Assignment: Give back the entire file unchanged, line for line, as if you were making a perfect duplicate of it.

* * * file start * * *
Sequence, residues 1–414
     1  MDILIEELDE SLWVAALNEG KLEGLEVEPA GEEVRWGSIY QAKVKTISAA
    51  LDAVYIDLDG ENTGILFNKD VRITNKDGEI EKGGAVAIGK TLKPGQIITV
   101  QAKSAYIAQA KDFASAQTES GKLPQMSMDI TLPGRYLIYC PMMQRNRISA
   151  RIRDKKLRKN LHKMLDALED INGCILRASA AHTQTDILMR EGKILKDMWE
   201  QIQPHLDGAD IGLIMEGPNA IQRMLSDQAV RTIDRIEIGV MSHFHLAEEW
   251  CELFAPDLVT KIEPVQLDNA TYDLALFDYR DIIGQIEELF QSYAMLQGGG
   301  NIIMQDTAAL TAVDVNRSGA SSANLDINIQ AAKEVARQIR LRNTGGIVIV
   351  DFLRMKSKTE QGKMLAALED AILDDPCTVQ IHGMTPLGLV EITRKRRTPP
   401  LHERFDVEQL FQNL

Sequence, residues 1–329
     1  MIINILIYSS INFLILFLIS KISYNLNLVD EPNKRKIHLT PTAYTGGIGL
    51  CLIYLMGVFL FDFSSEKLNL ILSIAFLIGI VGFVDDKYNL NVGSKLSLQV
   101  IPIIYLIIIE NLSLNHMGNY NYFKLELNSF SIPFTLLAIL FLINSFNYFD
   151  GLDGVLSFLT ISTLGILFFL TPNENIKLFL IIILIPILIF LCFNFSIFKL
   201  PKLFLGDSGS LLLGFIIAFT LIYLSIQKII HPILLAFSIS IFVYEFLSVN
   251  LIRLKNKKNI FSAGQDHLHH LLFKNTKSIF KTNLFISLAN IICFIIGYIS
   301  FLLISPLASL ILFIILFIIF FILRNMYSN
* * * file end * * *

Sequence, residues 1–414
     1  MDILIEELDE SLWVAALNEG KLEGLEVEPA GEEVRWGSIY QAKVKTISAA
    51  LDAVYIDLDG ENTGILFNKD VRITNKDGEI EKGGAVAIGK TLKPGQIITV
   101  QAKSAYIAQA KDFASAQTES GKLPQMSMDI TLPGRYLIYC PMMQRNRISA
   151  RIRDKKLRKN LHKMLDALED INGCILRASA AHTQTDILMR EGKILKDMWE
   201  QIQPHLDGAD IGLIMEGPNA IQRMLSDQAV RTIDRIEIGV MSHFHLAEEW
   251  CELFAPDLVT KIEPVQLDNA TYDLALFDYR DIIGQIEELF QSYAMLQGGG
   301  NIIMQDTAAL TAVDVNRSGA SSANLDINIQ AAKEVARQIR LRNTGGIVIV
   351  DFLRMKSKTE QGKMLAALED AILDDPCTVQ IHGMTPLGLV EITRKRRTPP
   401  LHERFDVEQL FQNL

Sequence, residues 1–329
     1  MIINILIYSS INFLILFLIS KISYNLNLVD EPNKRKIHLT PTAYTGGIGL
    51  CLIYLMGVFL FDFSSEKLNL ILSIAFLIGI VGFVDDKYNL NVGSKLSLQV
   101  IPIIYLIIIE NLSLNHMGNY NYFKLELNSF SIPFTLLAIL FLINSFNYFD
   151  GLDGVLSFLT ISTLGILFFL TPNENIKLFL IIILIPILIF LCFNFSIFKL
   201  PKLFLGDSGS LLLGFIIAFT LIYLSIQKII HPILLAFSIS IFVYEFLSVN
   251  LIRLKNKKNI FSAGQDHLHH LLFKNTKSIF KTNLFISLAN IICFIIGYIS
   301  FLLISPLASL ILFIILFIIF FILRNMYSN